Weight Affects Quality of Work


At least they seem to think so in Texas. For the past year, Citizens Medical Center requires its employees “fit with a representational image or specific mental projection of the job of a healthcare professional,” including having an appearance “free from distraction” for patients. Now, there are a lot of requirements made to people who work in healthcare. I spent enough time employed at a nursing home to find out the creative ways people cover tattoos and piercings, but I never thought weight would be an issue. And I worked with some fat people. I don’t mean it in a negative way, I’m not talking fat like 50 extra pounds, I mean fat. Like an extra person. And you know what? Some of them were the hardest workers I know.

In my experience with hospital and office visits, chubby and plump nurses and doctors have been some of the most professional I’ve ever dealt with, and the most compassionate when it comes to giving care. Am I saying that thin ones aren’t? Not at all. But I think in a medical scenario, the concern should be more on the employee’s knowledge and ability to work than on anything else. When I call my insurance company, do I care whether or not the person who answers is a good driver?

I see nothing in this article indicating that they don’t consider smokers’ applications. Interesting.

Daniel S. Hamermesh, an economics professor at the University of Texas at Austin, warns that this rule may negatively affect the hospital’s ability to obtain and hire skilled and qualified employees. “The policy will exclude some workers who do not appear morbidly obese; as such, it will prevent the hospital from hiring some desirable workers and will limit its ability to attract acceptable employees.”

Citizens Medical Center CEO David Brown told the newspaper that the hospital tries to work with potential employees that are overweight. “We have some people who are applicants and they know the requirements, and we try and help them get there but they’re not interested,” he said. “So that’s fine, they can go work somewhere else.”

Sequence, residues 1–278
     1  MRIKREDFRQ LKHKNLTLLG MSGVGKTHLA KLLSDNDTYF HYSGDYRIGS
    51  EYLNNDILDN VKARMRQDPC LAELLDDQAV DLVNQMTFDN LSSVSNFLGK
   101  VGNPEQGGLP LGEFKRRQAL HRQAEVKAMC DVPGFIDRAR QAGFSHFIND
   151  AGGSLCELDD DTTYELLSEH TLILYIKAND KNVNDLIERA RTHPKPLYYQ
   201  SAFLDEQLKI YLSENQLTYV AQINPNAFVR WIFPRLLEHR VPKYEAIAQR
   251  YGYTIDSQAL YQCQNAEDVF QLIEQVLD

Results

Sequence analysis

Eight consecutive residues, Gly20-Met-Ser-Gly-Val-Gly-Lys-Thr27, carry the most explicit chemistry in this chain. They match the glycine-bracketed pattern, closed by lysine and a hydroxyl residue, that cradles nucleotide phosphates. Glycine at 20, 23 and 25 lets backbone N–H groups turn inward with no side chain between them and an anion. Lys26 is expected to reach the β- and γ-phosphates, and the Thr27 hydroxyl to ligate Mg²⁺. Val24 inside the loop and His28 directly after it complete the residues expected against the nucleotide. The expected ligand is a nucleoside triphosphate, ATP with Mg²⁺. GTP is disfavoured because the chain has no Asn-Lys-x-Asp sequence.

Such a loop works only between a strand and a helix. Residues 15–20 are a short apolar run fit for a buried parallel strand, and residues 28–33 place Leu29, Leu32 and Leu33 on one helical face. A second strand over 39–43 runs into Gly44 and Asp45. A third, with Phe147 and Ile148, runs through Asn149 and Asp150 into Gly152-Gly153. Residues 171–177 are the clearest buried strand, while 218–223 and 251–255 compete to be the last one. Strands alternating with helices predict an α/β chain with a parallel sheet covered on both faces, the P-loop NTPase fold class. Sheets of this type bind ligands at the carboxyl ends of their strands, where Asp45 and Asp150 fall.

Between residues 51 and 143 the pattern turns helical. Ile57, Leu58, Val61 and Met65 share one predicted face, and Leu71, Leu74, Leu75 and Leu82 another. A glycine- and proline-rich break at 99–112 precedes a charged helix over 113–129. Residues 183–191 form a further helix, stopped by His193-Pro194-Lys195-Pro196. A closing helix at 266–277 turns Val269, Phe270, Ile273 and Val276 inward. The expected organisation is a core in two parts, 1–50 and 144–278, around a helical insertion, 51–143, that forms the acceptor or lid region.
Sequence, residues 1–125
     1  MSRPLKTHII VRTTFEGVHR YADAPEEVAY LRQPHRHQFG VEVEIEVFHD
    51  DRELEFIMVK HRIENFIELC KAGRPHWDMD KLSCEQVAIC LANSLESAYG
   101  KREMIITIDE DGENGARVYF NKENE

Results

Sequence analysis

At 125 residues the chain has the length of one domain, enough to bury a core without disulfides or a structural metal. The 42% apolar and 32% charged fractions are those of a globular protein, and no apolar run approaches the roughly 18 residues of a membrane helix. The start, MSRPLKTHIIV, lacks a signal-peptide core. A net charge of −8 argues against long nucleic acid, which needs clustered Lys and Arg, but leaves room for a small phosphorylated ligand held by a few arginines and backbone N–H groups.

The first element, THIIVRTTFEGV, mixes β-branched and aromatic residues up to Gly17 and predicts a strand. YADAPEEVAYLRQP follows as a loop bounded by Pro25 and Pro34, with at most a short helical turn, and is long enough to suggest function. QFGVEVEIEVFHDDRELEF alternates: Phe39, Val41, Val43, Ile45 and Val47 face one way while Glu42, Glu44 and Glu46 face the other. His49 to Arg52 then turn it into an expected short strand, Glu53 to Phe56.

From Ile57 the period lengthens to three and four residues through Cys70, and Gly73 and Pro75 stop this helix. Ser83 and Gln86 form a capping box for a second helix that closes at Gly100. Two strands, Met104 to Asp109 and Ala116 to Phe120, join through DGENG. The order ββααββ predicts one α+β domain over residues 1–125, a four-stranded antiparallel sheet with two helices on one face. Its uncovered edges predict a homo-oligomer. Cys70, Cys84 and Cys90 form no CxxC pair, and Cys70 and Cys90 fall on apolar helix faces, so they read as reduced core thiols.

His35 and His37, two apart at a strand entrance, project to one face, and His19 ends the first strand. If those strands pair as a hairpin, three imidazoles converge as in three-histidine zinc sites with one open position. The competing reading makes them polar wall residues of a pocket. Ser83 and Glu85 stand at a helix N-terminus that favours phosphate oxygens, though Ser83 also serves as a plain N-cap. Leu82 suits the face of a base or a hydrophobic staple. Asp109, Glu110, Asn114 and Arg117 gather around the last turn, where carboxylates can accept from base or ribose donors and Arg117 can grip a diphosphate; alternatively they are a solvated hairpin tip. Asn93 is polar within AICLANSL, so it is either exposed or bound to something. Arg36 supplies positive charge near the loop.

I’d love to know what kind of “help” they offer. I’d also love to know how they go about obtaining the BMI. Do they put the person on a scale as if they were a patient?  And the next question. Do they do this to everyone? Would someone like Adele be put to the test? She reportedly weighs 165 pounds (even though there are a shit-ton of doubters on that and it didn’t stop Jennifer Hudson for allegedly going up to her at the Grammys and being all ‘hey girl, I used to be heavy too until Weight Watchers saved my life, you should totally come to a meeting with me’). However, even if I round up to my own weight, she’s still under this 35 crap. But in today’s thin-obsessed society, she’s a fat girl. Does everyone know that skinny does not always equal healthy?

Not to mention, anyone who knows anything about BMI knows how insanely flawed it is. First off, it’s a simple and basic ratio of height and weight. It doesn’t factor muscle mass, muscle deterioration, or body fat percentage. For instance, I am admittedly about 45 pounds overweight and at 5 foot 6, my BMI is 32.3. However, my favorite NFL player, who is 6 feet and weighs 239, has a BMI of 32.4.  You see that we both have almost the same BMI, though one would (and should) argue that he is clearly in better shape than I. And we’re both dangerously close to that 35 mark that would automatically disqualify us from working at the Citizens Medical Center, even as data entry desk jockeys.

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About Melissa Limasse

| Real name - Yeah right | Location – The State of Being | Worth - $2,425,486 | Education – B.A. Sociology and Psychology, A.As. in Criminal Justice | Single, childless, and completely satisfied with both, Ms. Limasse doesn’t fit into the traditional “female” mold. Most people would say she’s intimidating. Anything that she says here she has most likely already said out loud View all posts by Melissa Limasse

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